Do your emails prompt action?

Forced positivity is grim, right? The weight of being exceedingly cheerful, upbeat and enthusiastic in all your emails all of the time, can wear the most resilient person down. Is there a different way to gain the action you need from your the person you are emailing?

I have been working with groups of people who run international clinical trials for pharmaceutical companies to test out new drugs. Often the people they need to influence in their emails have many other and competing priorities. They may be doctors, regulators, medical administrators, a raft of other professionals in their own organisation to name a few.  The task is to find, enrol and conduct the trial with suitable patients. This work requires project organisation, co-ordination and liaison over months, sometimes years.

Delays can cause a whole project to fail. Delays increase costs enormously. Delays cause burn out in staff.

I have seen these professionals work really hard, sending out emails like hamsters in wheels. They think that if they pedal harder, they will get replies with the information they need. Unfortunately they don’t always get action, or replies to their emails as fast they would like. They are sometimes demoralised, feeling that they put in more effort than those to whom they write.

What can be done to improve things?

We have created the following tips:

  • Rapport. Build a relationship with your top email recipients. You may never have met them, they may reside in a different country, neither of you may be in your first language, yet try small talk. Remember their holidays (“How was Crete?”), national events, weather, food and families. It’s harder to do than face to face or Skype yet it’s still worth a try.
  • Impact. In as neutral, non-judgemental and non-blaming way as possible, point out the consequences of delay. The impact on the project, on other team members, on other parts of the trial. Help your recipient understand that how they prioritise is important. Thank them (a lot) for helping you to keep both of you to the overall, agreed timescales and schedule.
  • Telephone. If all else fails, phone them. It’s amazing how many times having the courage to try another method can make a difference, speed up understanding, help you understand their perspective, generate good will and a result which works for both of you.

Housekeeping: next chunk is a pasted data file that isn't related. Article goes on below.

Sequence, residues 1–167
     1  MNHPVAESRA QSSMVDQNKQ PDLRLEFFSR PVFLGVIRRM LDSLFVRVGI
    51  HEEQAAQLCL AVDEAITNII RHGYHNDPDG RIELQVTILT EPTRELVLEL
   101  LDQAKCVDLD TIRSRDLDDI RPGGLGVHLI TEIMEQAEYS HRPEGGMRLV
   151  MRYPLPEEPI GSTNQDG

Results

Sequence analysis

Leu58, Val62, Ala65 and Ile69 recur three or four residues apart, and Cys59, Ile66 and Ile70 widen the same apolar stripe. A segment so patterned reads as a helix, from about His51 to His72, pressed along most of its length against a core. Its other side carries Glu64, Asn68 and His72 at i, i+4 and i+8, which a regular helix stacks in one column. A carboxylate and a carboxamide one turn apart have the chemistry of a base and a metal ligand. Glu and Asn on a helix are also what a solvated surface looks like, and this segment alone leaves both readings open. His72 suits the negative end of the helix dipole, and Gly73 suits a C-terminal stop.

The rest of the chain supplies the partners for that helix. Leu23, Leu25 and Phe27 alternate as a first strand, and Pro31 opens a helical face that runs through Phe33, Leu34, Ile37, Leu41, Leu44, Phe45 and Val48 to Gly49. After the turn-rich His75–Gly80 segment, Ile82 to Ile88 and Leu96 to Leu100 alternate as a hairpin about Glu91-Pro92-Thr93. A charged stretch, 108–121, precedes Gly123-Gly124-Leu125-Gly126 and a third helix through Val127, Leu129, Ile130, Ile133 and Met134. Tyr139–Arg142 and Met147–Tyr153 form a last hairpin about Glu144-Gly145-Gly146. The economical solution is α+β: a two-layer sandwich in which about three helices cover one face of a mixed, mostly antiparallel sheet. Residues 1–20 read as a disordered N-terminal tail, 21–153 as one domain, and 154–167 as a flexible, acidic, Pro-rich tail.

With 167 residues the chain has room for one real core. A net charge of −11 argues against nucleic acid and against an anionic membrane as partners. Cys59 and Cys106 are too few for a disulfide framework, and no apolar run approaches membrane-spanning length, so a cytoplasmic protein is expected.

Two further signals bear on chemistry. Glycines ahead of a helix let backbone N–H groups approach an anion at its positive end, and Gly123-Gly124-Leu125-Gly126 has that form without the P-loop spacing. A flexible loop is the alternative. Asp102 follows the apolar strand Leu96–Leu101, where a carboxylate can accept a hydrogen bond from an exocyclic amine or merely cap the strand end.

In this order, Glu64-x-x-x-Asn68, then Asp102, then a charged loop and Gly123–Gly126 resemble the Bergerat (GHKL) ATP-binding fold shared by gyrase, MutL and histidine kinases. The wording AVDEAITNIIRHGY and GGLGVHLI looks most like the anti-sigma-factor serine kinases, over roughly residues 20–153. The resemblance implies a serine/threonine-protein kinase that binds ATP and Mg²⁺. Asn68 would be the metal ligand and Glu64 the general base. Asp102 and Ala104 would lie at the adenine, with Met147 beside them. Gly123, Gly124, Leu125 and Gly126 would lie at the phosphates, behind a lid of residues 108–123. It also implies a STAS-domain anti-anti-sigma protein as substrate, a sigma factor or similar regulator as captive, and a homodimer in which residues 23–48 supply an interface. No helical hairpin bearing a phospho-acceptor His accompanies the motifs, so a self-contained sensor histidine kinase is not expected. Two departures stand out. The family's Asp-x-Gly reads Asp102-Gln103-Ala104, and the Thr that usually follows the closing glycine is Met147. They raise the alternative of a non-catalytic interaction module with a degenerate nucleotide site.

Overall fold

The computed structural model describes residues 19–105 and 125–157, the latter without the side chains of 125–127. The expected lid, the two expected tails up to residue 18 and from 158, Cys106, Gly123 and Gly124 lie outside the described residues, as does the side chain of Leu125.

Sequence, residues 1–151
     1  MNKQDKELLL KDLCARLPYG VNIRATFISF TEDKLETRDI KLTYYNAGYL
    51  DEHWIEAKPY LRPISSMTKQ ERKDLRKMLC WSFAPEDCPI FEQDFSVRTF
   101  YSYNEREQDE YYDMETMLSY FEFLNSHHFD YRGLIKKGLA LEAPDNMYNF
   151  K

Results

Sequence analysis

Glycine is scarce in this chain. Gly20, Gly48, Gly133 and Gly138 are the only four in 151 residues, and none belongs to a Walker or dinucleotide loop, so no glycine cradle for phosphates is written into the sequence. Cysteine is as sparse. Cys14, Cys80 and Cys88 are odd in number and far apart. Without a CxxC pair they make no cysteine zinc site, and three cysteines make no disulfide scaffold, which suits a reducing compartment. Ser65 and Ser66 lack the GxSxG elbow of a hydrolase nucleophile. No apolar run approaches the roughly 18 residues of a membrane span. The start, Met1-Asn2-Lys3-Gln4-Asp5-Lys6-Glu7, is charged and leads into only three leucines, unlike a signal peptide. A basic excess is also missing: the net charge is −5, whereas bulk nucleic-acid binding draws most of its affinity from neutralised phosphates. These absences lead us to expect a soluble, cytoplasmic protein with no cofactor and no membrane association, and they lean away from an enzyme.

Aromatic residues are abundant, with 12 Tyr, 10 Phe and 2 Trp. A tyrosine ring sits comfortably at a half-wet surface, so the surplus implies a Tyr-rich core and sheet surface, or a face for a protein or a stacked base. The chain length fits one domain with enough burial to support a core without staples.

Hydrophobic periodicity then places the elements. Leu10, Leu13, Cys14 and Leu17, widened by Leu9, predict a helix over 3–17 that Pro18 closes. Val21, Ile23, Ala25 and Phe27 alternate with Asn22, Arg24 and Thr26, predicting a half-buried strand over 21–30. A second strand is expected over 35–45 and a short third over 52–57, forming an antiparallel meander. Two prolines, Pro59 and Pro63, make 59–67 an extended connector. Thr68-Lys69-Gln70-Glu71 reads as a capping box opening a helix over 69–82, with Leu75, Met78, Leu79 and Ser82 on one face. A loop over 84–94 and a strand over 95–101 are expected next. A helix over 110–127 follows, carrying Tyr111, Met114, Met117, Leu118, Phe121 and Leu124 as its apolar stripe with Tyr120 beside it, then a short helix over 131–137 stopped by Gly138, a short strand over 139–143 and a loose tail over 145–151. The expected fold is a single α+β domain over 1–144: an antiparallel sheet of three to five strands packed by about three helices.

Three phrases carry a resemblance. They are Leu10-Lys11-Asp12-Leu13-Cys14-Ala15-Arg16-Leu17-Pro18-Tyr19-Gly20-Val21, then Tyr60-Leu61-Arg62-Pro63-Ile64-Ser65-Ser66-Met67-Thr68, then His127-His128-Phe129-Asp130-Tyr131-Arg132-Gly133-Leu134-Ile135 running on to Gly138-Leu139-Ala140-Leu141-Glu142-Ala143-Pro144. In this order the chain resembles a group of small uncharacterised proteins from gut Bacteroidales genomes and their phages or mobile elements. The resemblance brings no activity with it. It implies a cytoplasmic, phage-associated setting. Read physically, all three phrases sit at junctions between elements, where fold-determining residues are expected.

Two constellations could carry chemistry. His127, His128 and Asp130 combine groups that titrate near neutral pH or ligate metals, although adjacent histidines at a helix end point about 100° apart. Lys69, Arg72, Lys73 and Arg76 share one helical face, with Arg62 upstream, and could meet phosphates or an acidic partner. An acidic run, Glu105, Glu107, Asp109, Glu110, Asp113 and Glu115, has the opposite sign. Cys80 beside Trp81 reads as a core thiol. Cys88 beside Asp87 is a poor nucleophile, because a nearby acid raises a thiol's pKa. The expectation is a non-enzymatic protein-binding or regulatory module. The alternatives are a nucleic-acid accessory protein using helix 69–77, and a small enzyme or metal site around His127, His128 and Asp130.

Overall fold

The most important tip of all though, is to connect with “Why”. It’s key to communicate why the work is important, how it connects to purpose. So often with emails we communicate “what” we need, “how” it should be done and “when” by. We can forget or leave implicit the “Why”.

With “Why” we can tap into our own inner motivation to produce good work, and help others do this too.

When training people (this particular workshop is called “Writing for Impact”) I love to see participants put down the burden of forced positivity. The resulting negativity is draining and a dirge.

I love to help participants move towards more balanced, nuanced, “I’m OK, You’re OK” ways of working by email. It’s great to help them gain action which genuinely puts a smile back on their faces. This small change probably helps their email recipients smile a little more often too.

If you have fallen into the trap of enforced positivity, and would like new perspective and new skills to behave differently, get in touch. I’d love to help you, your team and your organisation gain more action from your emails too.

Gill How loves to help people develop their professional skills to achieve their career ambitions and help their organisations become more effective. Please get in touch  for an exploratory conversation about how her skills could support you or your organisation’s success. She has availability to work as a coach, a specialist trainer or as part of your project team.

Feedback from recent international workshops:

  • The aspect of the course I found particularly useful was discussing real-life examples, challenges and concerns shared by some of the other attendees. I appreciate it that Gill helped create a positive environment conducive to exchange of thoughts and ideas.
  • The very gripping, effective and useful training. I was really impressed. The session time passed quickly. The trainer is competent, responsive, attentive and friendly.
  • This workshop was rather interesting. Several things are new to me. The coach is very civilized, friendly and supportive.

 

Is learning possible on a training course?
Valuing Your Audience
Gill How

About Gill How

Helping leaders grow, step up and deliver outstanding results

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